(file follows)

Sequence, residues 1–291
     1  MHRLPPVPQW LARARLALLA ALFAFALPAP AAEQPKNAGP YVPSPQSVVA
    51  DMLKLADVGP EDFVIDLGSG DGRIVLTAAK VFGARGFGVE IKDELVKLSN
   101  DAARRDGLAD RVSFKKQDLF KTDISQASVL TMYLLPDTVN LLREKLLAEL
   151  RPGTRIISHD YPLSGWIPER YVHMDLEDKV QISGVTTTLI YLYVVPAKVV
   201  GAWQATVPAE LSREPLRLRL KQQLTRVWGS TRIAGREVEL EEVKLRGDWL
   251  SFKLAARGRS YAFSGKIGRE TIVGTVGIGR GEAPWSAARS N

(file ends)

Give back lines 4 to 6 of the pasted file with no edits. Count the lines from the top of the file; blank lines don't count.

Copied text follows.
   101  DAARRDGLAD RVSFKKQDLF KTDISQASVL TMYLLPDTVN LLREKLLAEL
   151  RPGTRIISHD YPLSGWIPER YVHMDLEDKV QISGVTTTLI YLYVVPAKVV
   201  GAWQATVPAE LSREPLRLRL KQQLTRVWGS TRIAGREVEL EEVKLRGDWL